Wednesday, November 24, 2010

Case Closed? Nine Mysteries Unlocked by Modern Science (my 50th post!)

Case Closed? by Susan Hughes, illustrated by Michael Wandelmair (2010, Kids Can Press) is a very excellent piece of non-fiction, probably one of the best books I've ever read. Inside it, it offers answers (as far as is possible) to nine most intriguing and puzzling mysteries ever. They include the stories of the INS Dakar, the Anasazi, and what befell Hapshepsut. So you can see, the book is global in scope.

They used lots of different approaches in solving the mysteries. The scientists involved used computer simulations, archaeology, genetics, forensics, historical evidence, and, in at least one case, the search for the legendary city of Ubar, satellite imagery. It was fascinating!

The most intriguing thing is, is that some of the mysteries here aren't fully understood--for example, what happened to Hapshsut's father, King Thutmose I. But in some cases, you actually get the answer--Anastasia, the lost princess of Russia, was never really lost, and neither was her brother--they were just buried separately!

I'd like to see a sequel, because I know some mysteries they've missed--things like Shangri La, and King Arthur, Flight 19 in the Bermuda Triangle....

I'd recommend this to kids above the age of eight, because some of the pictures are a little disturbing (dead people) as are some of the stories (like the burial and exhumation of the Romanovs).

Sunday, November 14, 2010

The Whipping Boy

The Whipping Boy, by Sid Fleischman, is a brilliant work of literature. A whipping boy is a boy plucked off the streets, and when the prince does something naughty or bad, like tying all the lords and dukes powder wigs to the chairs, the whipping boy is called in to take the prince's punishment.

The setting is long ago-there are horse drawn carriages, and powdered wigs, so it seems Georgian. Also there a boiled potatoes--so it has to be after the European discovery of America. The main events take place in a castle, a forest, a town, and a fair.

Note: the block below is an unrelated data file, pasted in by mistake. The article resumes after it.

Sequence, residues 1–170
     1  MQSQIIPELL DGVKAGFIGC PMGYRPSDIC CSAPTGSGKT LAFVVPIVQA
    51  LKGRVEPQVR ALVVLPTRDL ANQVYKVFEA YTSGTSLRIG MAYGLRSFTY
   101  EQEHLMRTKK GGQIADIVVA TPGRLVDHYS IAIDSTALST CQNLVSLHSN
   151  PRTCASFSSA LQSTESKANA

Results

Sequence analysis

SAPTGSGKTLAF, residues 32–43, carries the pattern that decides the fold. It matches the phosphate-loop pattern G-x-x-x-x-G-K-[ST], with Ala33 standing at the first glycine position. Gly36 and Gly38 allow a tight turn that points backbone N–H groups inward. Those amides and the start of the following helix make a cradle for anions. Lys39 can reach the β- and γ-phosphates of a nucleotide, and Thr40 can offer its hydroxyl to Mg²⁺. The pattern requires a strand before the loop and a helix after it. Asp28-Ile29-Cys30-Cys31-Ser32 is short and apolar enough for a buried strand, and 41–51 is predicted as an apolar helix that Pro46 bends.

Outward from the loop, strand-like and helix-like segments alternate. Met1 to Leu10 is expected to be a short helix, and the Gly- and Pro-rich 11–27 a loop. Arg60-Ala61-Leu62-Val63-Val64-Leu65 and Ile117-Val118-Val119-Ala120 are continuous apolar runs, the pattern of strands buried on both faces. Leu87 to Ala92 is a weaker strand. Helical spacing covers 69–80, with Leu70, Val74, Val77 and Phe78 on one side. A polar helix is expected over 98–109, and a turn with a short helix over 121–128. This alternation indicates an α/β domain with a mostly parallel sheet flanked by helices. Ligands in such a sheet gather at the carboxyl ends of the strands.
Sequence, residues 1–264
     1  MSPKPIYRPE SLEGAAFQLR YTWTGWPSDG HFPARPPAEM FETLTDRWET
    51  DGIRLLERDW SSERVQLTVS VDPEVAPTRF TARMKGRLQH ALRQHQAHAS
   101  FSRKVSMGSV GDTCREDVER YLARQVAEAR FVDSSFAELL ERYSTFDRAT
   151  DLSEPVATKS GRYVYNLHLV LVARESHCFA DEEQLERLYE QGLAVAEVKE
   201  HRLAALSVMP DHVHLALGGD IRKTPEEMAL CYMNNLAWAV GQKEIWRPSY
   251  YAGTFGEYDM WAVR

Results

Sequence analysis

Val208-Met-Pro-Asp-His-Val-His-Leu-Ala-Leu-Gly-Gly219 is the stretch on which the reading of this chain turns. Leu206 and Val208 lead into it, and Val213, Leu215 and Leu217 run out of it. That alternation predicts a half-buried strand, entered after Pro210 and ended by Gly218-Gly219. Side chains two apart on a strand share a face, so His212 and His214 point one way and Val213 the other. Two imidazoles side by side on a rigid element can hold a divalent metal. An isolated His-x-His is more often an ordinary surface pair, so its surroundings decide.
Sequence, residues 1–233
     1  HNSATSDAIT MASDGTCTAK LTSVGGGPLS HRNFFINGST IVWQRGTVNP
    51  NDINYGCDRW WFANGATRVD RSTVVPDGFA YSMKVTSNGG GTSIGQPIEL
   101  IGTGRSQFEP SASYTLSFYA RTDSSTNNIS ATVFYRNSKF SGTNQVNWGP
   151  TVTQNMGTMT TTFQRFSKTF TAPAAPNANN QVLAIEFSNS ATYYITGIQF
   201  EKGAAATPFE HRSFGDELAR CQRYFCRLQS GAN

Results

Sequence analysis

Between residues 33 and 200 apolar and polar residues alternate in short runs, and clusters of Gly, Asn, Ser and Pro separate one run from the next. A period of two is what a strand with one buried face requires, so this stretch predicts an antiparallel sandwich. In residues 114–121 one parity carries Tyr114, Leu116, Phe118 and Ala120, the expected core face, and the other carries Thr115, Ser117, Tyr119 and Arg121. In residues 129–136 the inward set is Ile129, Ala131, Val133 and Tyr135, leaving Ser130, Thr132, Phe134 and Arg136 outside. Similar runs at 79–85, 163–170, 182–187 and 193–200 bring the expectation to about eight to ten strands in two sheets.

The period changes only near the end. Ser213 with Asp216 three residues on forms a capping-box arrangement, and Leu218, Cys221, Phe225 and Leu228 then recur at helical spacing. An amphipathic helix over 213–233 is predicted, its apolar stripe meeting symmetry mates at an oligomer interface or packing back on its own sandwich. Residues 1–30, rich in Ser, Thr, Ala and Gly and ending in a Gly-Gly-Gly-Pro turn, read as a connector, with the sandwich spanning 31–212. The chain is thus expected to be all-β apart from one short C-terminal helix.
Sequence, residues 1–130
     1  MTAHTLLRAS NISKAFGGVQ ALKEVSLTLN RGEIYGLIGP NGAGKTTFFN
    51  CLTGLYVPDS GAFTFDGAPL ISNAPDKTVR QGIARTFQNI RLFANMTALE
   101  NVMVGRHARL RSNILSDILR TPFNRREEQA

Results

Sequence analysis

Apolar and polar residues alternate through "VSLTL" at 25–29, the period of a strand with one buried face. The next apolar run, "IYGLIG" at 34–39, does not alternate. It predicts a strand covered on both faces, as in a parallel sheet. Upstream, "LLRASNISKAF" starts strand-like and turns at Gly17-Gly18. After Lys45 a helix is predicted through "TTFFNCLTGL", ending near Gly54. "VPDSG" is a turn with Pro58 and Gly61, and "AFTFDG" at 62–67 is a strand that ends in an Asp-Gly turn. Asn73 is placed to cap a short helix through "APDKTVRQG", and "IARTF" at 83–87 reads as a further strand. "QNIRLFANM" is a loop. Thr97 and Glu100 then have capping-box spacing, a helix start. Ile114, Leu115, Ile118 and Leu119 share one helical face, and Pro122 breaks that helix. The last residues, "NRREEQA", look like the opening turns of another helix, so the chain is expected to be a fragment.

There are two main characters. First is a spoiled and obnoxious prince, known as Prince Brat. His silliest maneuver--while fleeing the castle (more about this later), he takes his crown with, probably to make villains kneel before him, says the narrator. The second is Jemmy, a boy from the streets, is the whipping boy of the title. Cool fact--Jemmy started out as a rat catcher, but as a whipping boy, he learned to read and write.

In this book, Prince Brat, who is probably one of the most naughty boys in the land, decides to get out of the castle because it is so boring. He has done every single prank he can imagine, and none of them are to his liking. So he decides to run away with his whipping boy...who by the end of the book is his best friend...Jemmy of the streets. In their journey they meet two of the most dreadful villains ever, Hold Your Nose Billy, and Cutwater. They take all the food the boys have, which was mostly packed by Prince Brat, and worse, they ask them to write a letter to the king saying that if he ever wants to see his son again, he will have to bring them a wagon load full of gold. A wagon load. How much is a wagon load? Probably if you got a wagon load full of American dollars you'd be a millionaire.